3. No regret or remorse for the people you have hurt.
      4. Convincing someone they are worthless, inferior, insane.
      5. Self pity when called into account for how you have harmed others.
      6. Extending cordiality, respect, and regard toward some–but exhibiting harshness, cruelty, and inhumanity to those in a group you regard as weaker and less than human.

      Now what “mental illness” would these be “symptoms” of?

      Anyone want to take a guess?


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      • I don’t think there is a MI which harms and dehumanizes so many.
        Perhaps they are the governments patsies.
        It seems the government likes dumb thugs to pretend to the public that there is a point to it all.

        And the dumb thugs are not as dumb as they look, they have cheques. And immunity from labels lol.

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    • Hey Sam –

      I mostly agree.

      I do think that this is progress in the mind of Dr. Scott Hall, however.

      In this one thing: a disease is a permanent, disabling horror. A label that follows you all the days of your life.

      An “injury” is temporary and can be recovered from. Like Rachel said, “I was mad, but I got over it.”

      This might remove some of the harmful labels that Rachel is protesting. And people can be expected to get better.

      it’s not the final answer, but a step in the right direction.

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      • JanCarol, I agree with your comment that “it’s not the final answer, but a step in the right direction”.

        I have a background in statistics and the current model is that everything or virtually everything is an “illness” and in most cases there is no “cure”.

        For the last year or so, I have told several lay people and also people somewhat familiar with the system that a big problem is with the model.

        If you look at the physical health model, if you say someone is physically healthy, the lack having an illness — and they lack having physical injury.

        That is, if someone is in a car accident and has a shattered leg and a collapsed lung, you wouldn’t say they were “ill”, but you wouldn’t say they were “healthy”.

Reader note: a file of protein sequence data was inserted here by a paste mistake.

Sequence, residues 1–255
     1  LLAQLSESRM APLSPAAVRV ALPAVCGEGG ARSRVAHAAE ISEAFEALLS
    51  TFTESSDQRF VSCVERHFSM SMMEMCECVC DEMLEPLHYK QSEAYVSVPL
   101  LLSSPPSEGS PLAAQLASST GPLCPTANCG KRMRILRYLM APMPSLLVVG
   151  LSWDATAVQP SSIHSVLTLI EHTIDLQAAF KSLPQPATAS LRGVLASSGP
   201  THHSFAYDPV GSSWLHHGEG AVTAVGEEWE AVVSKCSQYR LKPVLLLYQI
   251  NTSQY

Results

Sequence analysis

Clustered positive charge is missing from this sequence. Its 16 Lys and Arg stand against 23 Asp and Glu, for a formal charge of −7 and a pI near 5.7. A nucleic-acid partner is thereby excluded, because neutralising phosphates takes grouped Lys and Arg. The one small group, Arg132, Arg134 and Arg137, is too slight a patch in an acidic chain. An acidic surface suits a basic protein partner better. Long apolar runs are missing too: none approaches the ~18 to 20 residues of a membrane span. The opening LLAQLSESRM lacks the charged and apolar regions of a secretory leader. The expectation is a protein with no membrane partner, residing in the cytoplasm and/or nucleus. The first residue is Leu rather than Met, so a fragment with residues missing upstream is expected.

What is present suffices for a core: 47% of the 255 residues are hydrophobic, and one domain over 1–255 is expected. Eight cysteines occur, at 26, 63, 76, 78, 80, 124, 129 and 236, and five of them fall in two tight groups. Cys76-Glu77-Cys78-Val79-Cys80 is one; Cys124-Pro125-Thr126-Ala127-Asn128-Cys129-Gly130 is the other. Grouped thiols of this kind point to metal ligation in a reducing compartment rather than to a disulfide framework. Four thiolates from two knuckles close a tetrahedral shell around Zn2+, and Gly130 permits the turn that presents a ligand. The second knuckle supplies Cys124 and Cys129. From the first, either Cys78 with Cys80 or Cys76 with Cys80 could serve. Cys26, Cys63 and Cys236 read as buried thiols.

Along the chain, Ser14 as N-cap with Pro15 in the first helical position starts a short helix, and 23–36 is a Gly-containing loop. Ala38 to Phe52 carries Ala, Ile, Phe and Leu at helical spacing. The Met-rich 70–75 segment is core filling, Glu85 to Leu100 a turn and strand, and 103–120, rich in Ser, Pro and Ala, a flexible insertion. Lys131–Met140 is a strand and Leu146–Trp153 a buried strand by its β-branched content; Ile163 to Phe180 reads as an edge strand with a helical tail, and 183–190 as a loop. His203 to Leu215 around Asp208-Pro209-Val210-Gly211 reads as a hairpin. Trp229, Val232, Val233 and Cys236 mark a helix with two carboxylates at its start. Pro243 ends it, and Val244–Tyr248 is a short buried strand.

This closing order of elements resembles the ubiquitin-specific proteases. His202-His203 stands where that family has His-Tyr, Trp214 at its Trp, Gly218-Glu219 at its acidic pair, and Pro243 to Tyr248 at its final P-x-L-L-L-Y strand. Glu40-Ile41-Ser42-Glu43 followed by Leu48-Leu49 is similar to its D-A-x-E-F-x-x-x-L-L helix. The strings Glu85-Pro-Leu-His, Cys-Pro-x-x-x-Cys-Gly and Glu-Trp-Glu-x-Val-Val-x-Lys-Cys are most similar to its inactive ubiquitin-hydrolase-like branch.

If someone came up and beat you with a bat and caused severe bruising or broken bones, medical personnel would recognize the person has significant injuries. There may be several ways (treatments) for dealing with the situation, but at least there is not just the possibility of recovery, but even the probability of a full recovery.

        My experience of a severe stress breakdown (or breakthrough) fits much better as an “injury” than an “illness”. I have even used the phrase “ego collapse” and “fracturing” to talk about my type of experience.

        People don’t talk about “curing” an injury, we talk about how to “heal” an injury which leads to recovery and a decent quality of life (which is totally missing from the biomedical model).

        From what I have read of other people’s experiences from comments on the MIA articles, many of those experiences don’t seem to fit the description of “injury” either. So as an assessment, a person shouldn’t be shoved into one of those categories either of “illness” or an “injury”.

        But at least pointing out that the current model doesn’t even begin to address injuries, it blows a pretty big hole in the current model. And with a wide, gaping hole in the model, there can be tremendous opportunity for improvement and redefining things.

        And again, as a statistician, I am all for blowing holes in the current model.

        Of course, that’s just my take.

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        • If the current model simply adopts the word “injury”, instead of “illness”, we are still at the same place. Psychiatry owns every word in the dictionary and those it designs, and defines it’s meanings.
          Words have and never will be enough to somehow change the current model of othering.

          An injury will simply be said by them as being too deep to heal, and can only be managed with their methods.

          It will still result in discrimination of the worst kind.

          It will still result in an “injured” person to be questioned more about perceived physical pain than the unlabeled “normal” person.
          It will still result in the “injured” person not being worthy of equal law application.

          It is still a label, Psychiatry is the problem.